Eagles coach Andy Reid said on Friday he will "evaluate" all trade offers for Kevin Kolb, and Mike McCarthy has stated the Packers have no interest in dealing Matt Flynn. Which team should be more inclined to trade their backup quarterback: The Eagles or Packers?
The truth is both teams' starting quarterbacks -- Aaron Rodgers and Michael Vick -- are injury risks, as both missed games in 2010. Rodgers missed a game with a concussion and Vick started only 12 games because of a rib injury. For that reason, I would not trade Flynn or Kolb for another year until I got my backup situation resolved.
That being said, Kolb is more likely to be traded because he can bring a lot more compensation than Flynn right now.
Working off the deal that sent Matt Schaub from Atlanta to Houston, Kolb could be worth upwards of 1,100 points on the trade chart -- the equivalent of a middle first-round pick. Though, that would probably be broken up into two second-round picks over two years.
Keep in mind, Reid was in Green Bay and around GM Ron Wolf enough to see him trade Mark Brunnell, Matt Hasselbeck and Aaron Brooks when they were backups to Brett Favre.
All of the NFC West teams in need of a quarterback probably prefer Kolb to the top quarterbacks available in this draft, though I see Minnesota, San Francisco, Cincinnati and Seattle as the prime candidates to complete the trade when the CBA is resolved.
The Eagles, because Kolb's status as a second-round draft pick and the fact he was named their starter entering the 2010 season figure to make the demand for him far greater than it would be for Flynn, who came into the league as a seventh-rounder and basically flashed in one game. Kolb clearly benefits from no one truly knowing how things would have turned out had he not suffered a concussion halfway through his first start last year and watched as Vick played lights-out football. The league's many quarterback-desperate teams view Kolb as being more ready to make an immediate impact, and, unlike the Packers, the Eagles are likely to receive an offer that is going to be too good to pass up.
No one knows better the value of drafting, developing and dealing off quarterbacks like the Packers, and Flynn is an example of a player whose value probably won't get much higher than it is now. So Green Bay should sell high. The Eagles, on the other hand, have to measure the value of dealing Kolb now, with Vick's injury history and the likelihood that the lockout could hurt his value to other teams. I'd probably deal Kolb too, but there's more reason for Philly to be careful.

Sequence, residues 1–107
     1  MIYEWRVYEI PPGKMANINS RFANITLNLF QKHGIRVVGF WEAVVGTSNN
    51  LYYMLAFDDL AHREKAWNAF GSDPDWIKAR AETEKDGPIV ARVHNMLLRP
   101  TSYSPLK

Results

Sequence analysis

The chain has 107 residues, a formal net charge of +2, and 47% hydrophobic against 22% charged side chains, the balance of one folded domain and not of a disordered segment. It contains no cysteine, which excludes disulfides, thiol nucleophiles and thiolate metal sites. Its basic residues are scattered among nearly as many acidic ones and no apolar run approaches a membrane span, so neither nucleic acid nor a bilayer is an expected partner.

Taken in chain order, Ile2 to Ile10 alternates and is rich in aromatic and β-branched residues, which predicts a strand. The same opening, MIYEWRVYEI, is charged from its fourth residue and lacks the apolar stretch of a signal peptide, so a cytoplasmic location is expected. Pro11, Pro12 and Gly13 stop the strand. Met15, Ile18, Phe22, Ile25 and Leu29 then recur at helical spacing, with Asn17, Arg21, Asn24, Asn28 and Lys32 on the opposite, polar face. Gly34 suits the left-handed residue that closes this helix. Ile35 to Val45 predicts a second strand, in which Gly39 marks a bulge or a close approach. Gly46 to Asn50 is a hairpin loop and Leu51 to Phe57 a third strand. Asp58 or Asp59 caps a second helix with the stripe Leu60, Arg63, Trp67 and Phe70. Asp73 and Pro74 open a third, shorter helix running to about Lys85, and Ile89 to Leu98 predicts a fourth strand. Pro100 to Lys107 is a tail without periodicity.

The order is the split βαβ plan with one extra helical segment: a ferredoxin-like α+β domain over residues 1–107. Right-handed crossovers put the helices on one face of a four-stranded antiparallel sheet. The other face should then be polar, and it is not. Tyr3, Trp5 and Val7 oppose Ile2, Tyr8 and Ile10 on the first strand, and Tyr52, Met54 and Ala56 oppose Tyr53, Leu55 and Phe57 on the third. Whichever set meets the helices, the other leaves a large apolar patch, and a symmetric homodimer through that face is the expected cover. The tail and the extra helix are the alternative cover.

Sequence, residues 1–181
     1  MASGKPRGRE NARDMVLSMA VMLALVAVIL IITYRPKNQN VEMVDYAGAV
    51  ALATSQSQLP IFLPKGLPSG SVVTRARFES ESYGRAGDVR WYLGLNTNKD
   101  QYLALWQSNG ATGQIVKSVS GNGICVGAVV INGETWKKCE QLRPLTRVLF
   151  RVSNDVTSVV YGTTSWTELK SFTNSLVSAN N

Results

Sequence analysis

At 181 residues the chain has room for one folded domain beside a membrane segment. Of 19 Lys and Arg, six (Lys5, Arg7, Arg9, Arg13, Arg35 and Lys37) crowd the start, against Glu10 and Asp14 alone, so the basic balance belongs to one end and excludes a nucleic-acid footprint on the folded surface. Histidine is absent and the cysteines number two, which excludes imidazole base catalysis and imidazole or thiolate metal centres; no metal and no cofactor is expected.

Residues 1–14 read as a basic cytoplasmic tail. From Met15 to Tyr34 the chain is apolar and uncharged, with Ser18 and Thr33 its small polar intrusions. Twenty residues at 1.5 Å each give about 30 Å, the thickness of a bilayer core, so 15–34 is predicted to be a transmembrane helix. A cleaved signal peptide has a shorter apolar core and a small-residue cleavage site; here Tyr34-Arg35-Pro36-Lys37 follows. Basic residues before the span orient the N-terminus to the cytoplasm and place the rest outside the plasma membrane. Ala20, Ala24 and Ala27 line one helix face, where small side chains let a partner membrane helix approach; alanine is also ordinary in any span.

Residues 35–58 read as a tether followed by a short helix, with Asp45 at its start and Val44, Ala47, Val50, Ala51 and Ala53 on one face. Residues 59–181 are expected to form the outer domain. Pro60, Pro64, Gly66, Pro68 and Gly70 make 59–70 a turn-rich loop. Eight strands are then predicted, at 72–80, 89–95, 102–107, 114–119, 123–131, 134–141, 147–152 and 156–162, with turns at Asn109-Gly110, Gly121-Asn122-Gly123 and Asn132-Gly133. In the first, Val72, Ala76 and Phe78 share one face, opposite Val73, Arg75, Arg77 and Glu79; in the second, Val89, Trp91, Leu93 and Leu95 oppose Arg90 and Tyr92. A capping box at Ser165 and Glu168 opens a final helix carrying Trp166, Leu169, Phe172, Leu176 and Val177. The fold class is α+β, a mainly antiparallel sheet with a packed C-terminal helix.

The Eagles know they need to trade Kolb in part because he will be a free agent after next season. So the time to strike is now, also because they can entertain offers greater than the compensatory pick -- likely a third-rounder -- that they would receive if Kolb leaves in free agency. That puts them in a great spot. Timing is everything and the time for the Eagles and Kolb is now.
This isn't even close. The Eagles have to seriously consider moving Kolb for several reasons, most notably, they can get significant value -- maybe even a second-round pick -- in exchange. Philadelphia has done a good job of finding and developing backups -- Kolb, Jeff Garcia, Vick -- so finding Kolb's replacement wouldn't be much of a concern. Kolb also will be a free agent at the end of the season, as will Vick, and risking both of them going on the market with no compensation is not prudent or the Eagles' way of handling business. With all that, I don't think the Eagles are shopping Kolb or are in a hurry to move him if the offer isn't right.
They should both make the trade. The Eagles are going to be paying Vick big-time starter money and Reid can always develop quarterbacks. They can develop Mike Kafka as a No. 2 quarterback over time and sign someone like Tyler Thigpen to the mix. Paying two guys starting money isn't feasible, and Kolb could fetch the Eagles a late first-round pick. After getting a haul for McNabb, this makes sense, too.
For the Packers, coming off a title, given McCarthy's success developing quarterbacks and how many teams are in need of one, I'd deal Flynn, too. They could possibly turn a late-round pick into a second or third-round pick, while finding another late-round quarterback to develop. Rogers is just entering his prime. Strike while value is high, with Flynn playing well against the Patriots and all Packers' players shimmering a bit more than everyone else coming off their Super Bowl victory.